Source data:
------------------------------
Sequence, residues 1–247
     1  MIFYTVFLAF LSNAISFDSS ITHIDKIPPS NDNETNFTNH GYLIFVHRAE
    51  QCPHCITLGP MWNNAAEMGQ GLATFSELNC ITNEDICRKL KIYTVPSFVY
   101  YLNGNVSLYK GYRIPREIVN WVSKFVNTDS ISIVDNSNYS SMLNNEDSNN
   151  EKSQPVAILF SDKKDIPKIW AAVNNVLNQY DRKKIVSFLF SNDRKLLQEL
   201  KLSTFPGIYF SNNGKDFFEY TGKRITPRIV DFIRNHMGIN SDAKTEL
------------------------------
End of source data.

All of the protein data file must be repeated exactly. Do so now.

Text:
Sequence, residues 1–247
     1  MIFYTVFLAF LSNAISFDSS ITHIDKIPPS NDNETNFTNH GYLIFVHRAE
    51  QCPHCITLGP MWNNAAEMGQ GLATFSELNC ITNEDICRKL KIYTVPSFVY
   101  YLNGNVSLYK GYRIPREIVN WVSKFVNTDS ISIVDNSNYS SMLNNEDSNN
   151  EKSQPVAILF SDKKDIPKIW AAVNNVLNQY DRKKIVSFLF SNDRKLLQEL
   201  KLSTFPGIYF SNNGKDFFEY TGKRITPRIV DFIRNHMGIN SDAKTEL